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Foot Ankle Int. 2002 Jan;23(1):26-9.

The effect on ankle dorsiflexion of gastrocnemius recession.

Author information

1
University of California, Davis, Department of Orthopaedic Surgery, Sacramento 95817, USA. stephen.pinney@ucdmc.ucdavis.edu

Abstract

Gastrocnemius equinus contracture has been suggested as an etiologic factor in mechanical diseases of the foot and ankle and in ulcer formation in the foot. The purpose of this study is to assess the correction in ankle dorsiflexion that can be achieved with a gastrocnemius recession. An isolated gastrocnemius release (Strayer procedure) was performed on 26 legs, in 20 consecutive patients, for clinically significant gastrocnemius equinus contracture. Ankle dorsiflexion was assessed using a validated electrogoniometer. Ankle dorsiflexion was recorded with the knee straight and with the knee bent. Measurements were recorded preoperatively, and immediately postoperatively. Measurements at an average of 55.0 days postsurgery (range, 37 to 128 days) were performed on 20 legs (15 patients).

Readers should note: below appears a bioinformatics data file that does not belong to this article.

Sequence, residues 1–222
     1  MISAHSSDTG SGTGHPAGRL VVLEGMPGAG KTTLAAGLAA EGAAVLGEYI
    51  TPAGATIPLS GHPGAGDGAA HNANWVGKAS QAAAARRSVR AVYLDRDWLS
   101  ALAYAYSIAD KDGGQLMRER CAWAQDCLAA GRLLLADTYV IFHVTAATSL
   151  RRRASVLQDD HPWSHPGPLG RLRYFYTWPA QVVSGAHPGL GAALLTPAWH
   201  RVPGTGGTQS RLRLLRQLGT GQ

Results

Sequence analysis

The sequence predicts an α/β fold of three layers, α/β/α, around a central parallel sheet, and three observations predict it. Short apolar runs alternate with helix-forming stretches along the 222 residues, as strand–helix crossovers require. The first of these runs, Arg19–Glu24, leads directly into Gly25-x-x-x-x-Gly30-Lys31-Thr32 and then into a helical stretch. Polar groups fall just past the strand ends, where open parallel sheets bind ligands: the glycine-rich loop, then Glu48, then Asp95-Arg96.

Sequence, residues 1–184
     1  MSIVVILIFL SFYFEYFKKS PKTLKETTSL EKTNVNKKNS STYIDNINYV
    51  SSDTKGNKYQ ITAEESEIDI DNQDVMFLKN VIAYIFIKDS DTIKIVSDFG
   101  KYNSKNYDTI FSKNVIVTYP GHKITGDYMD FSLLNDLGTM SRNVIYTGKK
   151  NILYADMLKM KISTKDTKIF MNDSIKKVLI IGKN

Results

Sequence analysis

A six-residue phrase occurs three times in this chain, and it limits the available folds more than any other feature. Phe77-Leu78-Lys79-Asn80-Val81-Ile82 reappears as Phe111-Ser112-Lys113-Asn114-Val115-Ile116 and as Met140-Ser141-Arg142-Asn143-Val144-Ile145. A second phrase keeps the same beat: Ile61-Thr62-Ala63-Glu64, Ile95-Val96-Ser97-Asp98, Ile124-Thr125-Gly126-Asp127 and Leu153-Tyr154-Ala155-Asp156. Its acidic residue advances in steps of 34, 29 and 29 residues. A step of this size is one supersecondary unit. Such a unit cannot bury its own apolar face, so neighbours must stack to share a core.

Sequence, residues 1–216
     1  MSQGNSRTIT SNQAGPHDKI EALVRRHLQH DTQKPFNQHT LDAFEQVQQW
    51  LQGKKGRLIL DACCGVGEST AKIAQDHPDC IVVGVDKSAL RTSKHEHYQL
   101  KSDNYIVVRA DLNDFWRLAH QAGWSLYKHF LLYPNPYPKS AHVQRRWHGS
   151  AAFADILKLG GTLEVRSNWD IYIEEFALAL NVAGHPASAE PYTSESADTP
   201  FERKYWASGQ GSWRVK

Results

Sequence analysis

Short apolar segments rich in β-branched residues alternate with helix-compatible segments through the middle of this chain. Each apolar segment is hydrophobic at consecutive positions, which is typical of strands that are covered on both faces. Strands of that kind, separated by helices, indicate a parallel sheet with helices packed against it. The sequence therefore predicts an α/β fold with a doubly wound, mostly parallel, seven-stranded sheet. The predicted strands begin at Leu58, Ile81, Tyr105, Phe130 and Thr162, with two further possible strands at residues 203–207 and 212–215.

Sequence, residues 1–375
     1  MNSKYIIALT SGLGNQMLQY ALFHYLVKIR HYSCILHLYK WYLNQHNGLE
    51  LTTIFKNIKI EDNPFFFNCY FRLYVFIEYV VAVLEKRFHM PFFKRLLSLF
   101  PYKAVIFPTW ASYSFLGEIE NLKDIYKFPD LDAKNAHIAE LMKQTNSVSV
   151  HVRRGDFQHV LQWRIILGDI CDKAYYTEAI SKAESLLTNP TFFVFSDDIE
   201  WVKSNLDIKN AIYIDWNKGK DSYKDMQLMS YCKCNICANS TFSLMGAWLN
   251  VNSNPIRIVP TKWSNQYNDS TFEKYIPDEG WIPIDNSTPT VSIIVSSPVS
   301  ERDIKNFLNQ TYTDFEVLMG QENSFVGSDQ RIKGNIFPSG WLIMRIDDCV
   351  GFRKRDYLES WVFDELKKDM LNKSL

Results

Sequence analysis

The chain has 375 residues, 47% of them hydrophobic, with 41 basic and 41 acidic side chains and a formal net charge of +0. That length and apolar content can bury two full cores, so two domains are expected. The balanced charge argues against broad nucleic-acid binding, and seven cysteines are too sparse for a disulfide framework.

RESULTS:

Average preoperative ankle dorsiflexion with the knee straight was 5.1 degrees. Average preoperative ankle dorsiflexion with the knee bent was 22.8 degrees. Immediately following surgery the average ankle dorsiflexion with the knee straight was 23.2 degrees. The average correction was 18.1 degrees and this increase was significant (p < 0.0001.) In the 15 patients (20 legs) available for follow-up, the increase in ankle dorsiflexion with the knee straight was maintained (average: 24.9 degrees). Patients with gastrocnemius contracture who underwent an isolated gastrocnemius release increased their ankle dorsiflexion (knee straight) by an average of 18.1 degrees with postoperative ankle dorsiflexion (knee straight) being equivalent (23.2 and 22.8 degrees) to preoperative ankle dorsiflexion (knee bent). This correction appears to be maintained (23.2 vs. 24.9 degrees) at short-term follow-up.

PMID:
11822689
DOI:
10.1177/107110070202300105
[Indexed for MEDLINE]

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